Autoimmun Rev. 2019 Jun ;18(6):607-614. Epub 2019 Apr 5. PMID: 30959217
Emerging role of air pollution in autoimmune diseases.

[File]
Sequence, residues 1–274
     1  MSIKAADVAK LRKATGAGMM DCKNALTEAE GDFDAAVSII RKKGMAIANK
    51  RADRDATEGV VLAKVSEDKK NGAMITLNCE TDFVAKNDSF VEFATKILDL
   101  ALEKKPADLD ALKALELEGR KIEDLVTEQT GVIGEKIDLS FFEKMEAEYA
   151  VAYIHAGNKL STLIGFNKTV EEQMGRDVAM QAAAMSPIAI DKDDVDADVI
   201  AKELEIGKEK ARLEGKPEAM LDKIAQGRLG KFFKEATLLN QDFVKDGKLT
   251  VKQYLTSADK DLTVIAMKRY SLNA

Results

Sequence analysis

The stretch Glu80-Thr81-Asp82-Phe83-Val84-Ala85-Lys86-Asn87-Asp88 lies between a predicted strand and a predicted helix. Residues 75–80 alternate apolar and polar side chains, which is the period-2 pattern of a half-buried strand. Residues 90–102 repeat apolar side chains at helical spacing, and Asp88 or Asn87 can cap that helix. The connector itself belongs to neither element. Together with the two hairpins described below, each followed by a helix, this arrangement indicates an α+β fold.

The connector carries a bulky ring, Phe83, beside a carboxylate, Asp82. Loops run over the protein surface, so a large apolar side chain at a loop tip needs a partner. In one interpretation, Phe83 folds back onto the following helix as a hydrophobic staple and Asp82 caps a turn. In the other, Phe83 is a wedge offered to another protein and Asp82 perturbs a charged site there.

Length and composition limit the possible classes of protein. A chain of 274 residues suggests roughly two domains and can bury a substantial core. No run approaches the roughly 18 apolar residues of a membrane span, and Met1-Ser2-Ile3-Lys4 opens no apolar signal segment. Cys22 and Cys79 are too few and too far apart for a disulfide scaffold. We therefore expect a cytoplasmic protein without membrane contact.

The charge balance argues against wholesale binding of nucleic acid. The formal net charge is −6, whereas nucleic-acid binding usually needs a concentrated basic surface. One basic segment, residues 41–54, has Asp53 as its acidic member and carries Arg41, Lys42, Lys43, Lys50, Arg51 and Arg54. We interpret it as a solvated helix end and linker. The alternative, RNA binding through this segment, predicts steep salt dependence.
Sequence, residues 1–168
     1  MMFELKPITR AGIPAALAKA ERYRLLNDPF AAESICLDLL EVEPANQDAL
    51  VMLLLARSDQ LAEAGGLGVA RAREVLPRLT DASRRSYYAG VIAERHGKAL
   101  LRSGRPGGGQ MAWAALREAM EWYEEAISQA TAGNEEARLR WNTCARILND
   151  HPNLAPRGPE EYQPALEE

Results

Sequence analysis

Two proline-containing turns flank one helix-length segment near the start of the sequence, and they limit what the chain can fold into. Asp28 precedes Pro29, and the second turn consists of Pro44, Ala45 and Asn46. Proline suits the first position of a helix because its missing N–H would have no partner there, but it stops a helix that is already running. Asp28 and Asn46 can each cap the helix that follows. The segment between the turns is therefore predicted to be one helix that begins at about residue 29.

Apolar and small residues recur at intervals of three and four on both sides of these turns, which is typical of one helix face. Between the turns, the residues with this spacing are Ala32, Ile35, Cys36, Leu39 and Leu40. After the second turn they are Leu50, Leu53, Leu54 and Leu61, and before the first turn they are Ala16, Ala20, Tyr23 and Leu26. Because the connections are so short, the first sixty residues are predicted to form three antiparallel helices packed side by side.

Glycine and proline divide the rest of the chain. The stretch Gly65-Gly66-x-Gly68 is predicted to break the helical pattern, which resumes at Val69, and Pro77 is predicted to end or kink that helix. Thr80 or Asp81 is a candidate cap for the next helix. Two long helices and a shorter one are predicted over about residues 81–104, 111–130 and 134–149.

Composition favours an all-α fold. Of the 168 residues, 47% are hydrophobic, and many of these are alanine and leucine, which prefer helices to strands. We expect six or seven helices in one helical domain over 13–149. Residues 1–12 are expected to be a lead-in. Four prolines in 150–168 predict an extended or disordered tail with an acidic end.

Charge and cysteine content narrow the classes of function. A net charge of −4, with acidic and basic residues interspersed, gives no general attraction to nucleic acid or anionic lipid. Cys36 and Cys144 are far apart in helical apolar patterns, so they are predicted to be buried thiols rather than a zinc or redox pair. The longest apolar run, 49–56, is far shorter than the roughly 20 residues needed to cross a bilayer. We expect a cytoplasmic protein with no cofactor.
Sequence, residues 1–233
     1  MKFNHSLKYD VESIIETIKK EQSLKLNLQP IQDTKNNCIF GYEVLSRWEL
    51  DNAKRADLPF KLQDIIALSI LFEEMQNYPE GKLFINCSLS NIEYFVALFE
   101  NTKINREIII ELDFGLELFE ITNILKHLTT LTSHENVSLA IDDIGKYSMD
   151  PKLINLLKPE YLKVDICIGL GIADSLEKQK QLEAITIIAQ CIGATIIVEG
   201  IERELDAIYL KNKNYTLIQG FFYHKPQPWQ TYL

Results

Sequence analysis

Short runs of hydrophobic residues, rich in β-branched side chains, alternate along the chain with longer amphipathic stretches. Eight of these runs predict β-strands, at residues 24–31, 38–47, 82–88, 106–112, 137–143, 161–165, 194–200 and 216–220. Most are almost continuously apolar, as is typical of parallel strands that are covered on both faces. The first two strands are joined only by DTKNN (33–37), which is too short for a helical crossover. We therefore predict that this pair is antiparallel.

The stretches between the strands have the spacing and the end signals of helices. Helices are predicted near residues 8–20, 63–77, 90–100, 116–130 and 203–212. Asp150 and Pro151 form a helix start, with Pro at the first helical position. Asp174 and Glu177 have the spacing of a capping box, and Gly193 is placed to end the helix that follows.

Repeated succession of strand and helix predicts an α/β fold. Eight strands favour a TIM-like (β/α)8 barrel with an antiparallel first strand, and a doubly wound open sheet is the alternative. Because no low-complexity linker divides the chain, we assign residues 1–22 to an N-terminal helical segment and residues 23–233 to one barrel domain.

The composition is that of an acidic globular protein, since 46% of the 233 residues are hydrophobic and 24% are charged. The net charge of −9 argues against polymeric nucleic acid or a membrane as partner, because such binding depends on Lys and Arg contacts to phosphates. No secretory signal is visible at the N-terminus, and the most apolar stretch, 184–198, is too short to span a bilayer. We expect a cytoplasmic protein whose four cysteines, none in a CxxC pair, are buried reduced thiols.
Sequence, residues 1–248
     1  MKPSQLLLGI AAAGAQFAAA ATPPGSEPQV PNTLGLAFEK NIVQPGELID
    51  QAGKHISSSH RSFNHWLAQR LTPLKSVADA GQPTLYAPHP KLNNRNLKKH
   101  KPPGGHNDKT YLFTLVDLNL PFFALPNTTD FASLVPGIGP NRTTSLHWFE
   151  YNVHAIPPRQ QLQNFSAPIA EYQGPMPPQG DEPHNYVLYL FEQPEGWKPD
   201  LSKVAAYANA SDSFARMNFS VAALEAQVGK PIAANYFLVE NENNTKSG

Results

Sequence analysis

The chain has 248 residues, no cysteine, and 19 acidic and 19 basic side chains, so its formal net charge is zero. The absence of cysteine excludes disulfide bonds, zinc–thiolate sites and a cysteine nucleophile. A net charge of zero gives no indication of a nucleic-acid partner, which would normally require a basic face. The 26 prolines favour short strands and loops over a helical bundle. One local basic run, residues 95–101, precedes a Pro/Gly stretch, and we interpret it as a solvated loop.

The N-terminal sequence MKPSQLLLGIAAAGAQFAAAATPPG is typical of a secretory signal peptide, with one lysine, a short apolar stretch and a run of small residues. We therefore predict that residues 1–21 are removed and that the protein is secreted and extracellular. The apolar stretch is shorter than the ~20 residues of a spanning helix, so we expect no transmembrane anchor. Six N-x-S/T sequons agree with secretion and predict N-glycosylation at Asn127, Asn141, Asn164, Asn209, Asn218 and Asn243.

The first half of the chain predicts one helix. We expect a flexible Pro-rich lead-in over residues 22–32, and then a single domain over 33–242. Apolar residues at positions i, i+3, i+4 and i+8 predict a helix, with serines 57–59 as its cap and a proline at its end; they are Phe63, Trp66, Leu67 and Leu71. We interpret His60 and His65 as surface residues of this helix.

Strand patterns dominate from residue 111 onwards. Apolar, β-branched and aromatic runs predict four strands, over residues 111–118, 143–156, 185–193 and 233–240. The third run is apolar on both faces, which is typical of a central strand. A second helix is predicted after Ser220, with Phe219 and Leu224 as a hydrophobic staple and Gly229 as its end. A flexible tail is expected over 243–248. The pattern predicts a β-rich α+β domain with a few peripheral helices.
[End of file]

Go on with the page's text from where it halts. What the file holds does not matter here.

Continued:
Autoimmune diseases (ADs) are a broad spectrum of disorders featured by the body's immune responses being directed against its own tissues, resulting in prolonged inflammation and subsequent tissue damage. Recently, the exposure to ambient air pollution has been implicated in the occurrence and development of ADs. Mechanisms linking air pollution exposures and ADs mainly include systemic inflammation, increased oxidative stress, epigenetic modifications induced by exposures and immune response caused by airway damage. The lung may be an autoimmunity initiation site in autoimmune diseases (ADs). Air pollutants can bind to the Aryl hydrocarbon receptor (AHR) to regulate Th17 and Treg cells. Oxidative stress and inducible bronchus associated lymphoid tissue caused by the pollutants can influence T, B cells, resulting in the production of proinflammatory cytokines. These cytokines stimulate B cell and dendritic cells, resulting in a lot of antibodies and self-reactive T lymphocytes. Moreover, air pollutants may induce epigenetic changes to contribute to ADs. In this review, we will concern the associations between air pollution and immune-inflammatory responses, as well as mechanisms linking air pollution exposure and autoimmunity. In addition, we focus on the potential roles of air pollution in major autoimmune diseases including systemic lupus erythematosus (SLE), rheumatoid arthritis (RA), multiple sclerosis (MS), and type 1 diabetes mellitus (T1DM).